The spiritual successor to System Shock, BioShock takes the player on a roller-coaster ride of action-horror spliced with biopunk (which is like cyberpunk but instead of circuits and lasers it’s all genes and pheromones). Along the way, you’ll get access to 1960s era weaponry and superhuman powers bestowed by a mysterious substance called “ADAM.”
The boss fights with the imposing Big Daddies —giant, gene-spliced people grafted into armoured atmospheric diving suits— are among the most memorable parts of the game. These iconic fights give way to the series’ trademark morality-based story, which gives the player a choice: do you sacrifice the weak to fuel your own growing power, or do you shepherd the needy and save the day? How you choose will speak volumes about you both as a player and a person.
8 Mass Effect 2
Phew! After all the excitement of a first-person shooter, it’s good to get back to the comfortable familiarity of a third-person action RPG.
Mass Effect 2 is better than most other RPGs, having won a slew of awards from media outlets and developer conferences. It was one of the most consistently high rated games across all platforms, and was particularly praised on the Xbox 360.
Play the game, and it’s not hard to see why it deserves all the accolades. Take the cover-based combat of Gears of War, add some futuristic, magical powers, and combine that with the plot of the best space opera of our generation, and you’ve got not even a fraction of what made Mass Effect 2 one of the best games ever made.
If you missed it, you need to grab a copy right this instant.
7 Call of Duty: Black Ops
I’ll be honest: I’m not a huge fan of military-themed first-person shooters. It’s sort of a “been there, done that” realm of gaming that just holds little appeal now.
That said, I make a special exception for Black Ops.
The game follows the story of a CIA operative who’s been captured and being interrogated. His assailants are trying to get the location of a numbers station which is about to release a command to sleeper agents who will attack the US with chemical weapons. The story is told through a series of combat flashbacks where the player assumes the role of the protagonist and fights their way through such exotic locales as Cuba, Vietnam, and even the Arctic. It all plays out like a Tom Clancy novel on steroids, and I’m a big Tom Clancy fan.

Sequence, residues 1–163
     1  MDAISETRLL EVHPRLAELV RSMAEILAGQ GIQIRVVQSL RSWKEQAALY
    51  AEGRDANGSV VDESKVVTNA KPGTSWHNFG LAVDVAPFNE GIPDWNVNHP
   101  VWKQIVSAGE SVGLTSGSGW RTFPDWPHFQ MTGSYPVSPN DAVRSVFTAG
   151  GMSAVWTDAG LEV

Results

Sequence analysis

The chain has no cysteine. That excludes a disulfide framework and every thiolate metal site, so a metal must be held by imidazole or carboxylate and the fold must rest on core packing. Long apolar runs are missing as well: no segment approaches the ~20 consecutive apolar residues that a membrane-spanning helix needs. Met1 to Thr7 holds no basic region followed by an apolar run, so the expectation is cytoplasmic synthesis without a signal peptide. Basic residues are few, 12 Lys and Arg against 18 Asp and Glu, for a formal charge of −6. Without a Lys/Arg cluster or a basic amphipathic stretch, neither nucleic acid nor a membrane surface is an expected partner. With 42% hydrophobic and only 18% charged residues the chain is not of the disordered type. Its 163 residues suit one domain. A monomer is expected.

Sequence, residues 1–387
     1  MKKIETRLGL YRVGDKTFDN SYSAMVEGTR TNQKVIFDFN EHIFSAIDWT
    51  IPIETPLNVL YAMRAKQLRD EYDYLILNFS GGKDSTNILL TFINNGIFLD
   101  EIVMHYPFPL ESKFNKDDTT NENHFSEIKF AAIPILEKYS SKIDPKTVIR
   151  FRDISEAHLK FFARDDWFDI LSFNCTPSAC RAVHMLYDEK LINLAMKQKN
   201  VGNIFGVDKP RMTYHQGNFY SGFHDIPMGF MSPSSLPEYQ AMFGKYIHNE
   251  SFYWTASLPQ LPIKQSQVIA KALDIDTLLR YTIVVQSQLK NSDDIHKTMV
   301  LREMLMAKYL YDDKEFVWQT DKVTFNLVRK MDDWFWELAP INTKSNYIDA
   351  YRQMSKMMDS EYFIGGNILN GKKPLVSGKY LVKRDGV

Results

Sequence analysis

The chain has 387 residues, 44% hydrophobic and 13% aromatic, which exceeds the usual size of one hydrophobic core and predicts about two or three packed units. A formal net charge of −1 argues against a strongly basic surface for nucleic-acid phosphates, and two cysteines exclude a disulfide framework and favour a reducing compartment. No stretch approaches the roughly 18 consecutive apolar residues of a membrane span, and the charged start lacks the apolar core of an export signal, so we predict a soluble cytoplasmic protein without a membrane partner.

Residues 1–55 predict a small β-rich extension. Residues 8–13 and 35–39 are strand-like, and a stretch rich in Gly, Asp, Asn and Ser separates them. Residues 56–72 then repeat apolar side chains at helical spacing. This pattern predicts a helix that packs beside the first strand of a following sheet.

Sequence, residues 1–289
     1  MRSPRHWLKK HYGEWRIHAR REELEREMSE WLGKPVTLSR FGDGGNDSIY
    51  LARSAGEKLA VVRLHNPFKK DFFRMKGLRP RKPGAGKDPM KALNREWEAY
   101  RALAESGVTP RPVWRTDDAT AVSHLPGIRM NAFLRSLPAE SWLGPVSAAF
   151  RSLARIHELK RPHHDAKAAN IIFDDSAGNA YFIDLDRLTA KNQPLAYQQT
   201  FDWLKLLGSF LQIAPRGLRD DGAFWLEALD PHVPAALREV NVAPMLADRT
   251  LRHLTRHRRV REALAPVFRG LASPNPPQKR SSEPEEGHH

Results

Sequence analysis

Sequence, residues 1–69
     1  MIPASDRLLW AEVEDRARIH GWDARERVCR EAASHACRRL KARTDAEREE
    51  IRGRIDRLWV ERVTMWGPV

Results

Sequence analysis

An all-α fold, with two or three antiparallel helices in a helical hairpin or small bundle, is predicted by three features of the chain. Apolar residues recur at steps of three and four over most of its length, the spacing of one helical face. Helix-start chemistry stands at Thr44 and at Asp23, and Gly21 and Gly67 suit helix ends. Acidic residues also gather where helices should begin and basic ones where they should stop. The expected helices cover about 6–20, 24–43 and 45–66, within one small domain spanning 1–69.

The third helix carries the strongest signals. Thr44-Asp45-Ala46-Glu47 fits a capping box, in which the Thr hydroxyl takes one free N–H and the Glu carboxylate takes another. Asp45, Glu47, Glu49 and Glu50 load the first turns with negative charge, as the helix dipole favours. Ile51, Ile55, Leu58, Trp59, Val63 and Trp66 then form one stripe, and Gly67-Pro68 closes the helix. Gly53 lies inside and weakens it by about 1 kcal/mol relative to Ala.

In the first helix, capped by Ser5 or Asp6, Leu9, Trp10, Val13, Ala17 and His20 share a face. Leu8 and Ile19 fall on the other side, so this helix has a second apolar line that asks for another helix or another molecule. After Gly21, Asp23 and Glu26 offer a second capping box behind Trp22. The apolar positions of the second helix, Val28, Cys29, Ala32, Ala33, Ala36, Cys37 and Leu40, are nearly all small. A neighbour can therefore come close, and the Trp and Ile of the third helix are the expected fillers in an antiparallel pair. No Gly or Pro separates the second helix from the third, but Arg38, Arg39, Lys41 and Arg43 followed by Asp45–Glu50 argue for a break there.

There’s even a multiplayer that people still play — if you get a hankering to start murdering real people.
What’s this? Our first indie title? Well, you know it has to be good if it can rub shoulders with giants like Mass Effect 2 and Dark Souls.
Braid is an action platformer where you quest to save the abducted princess by jumping on your enemies and squishing them. So far it sounds a lot like a certain Italian plumber, but wait, there’s more. Next add time manipulation abilities, allowing the player to rewind time as far as they like - even after death. Now Braid sounds like Mario crossed with Prince of Persia.
Now add a haunting soundtrack, a gorgeous hand-painted world, and a story so compelling you’d think it was directed by Christopher Nolan.
Braid is another game that you’re doing a disservice to yourself for missing. Go pick it up.
5 Borderlands 2
I was a big fan of the original Borderlands. It was a quirky, first-person, sci-fi loot-em-up with a lot of style, and that drew me into playing it for hundreds of hours.
The sequel to Borderlands is all that and so much more.
You start off marooned in an icy waste with nothing but your wits and your gun to help you survive Pandora’s numerous deadly inhabitants, all while being taunted by a wisecracking villain oozing sarcasm with every word. Eventually, you team up with an inept robot, a one-armed big-game hunter, and the heroes of the original Borderlands to take down your tormentor in a final battle both hilarious and poignant.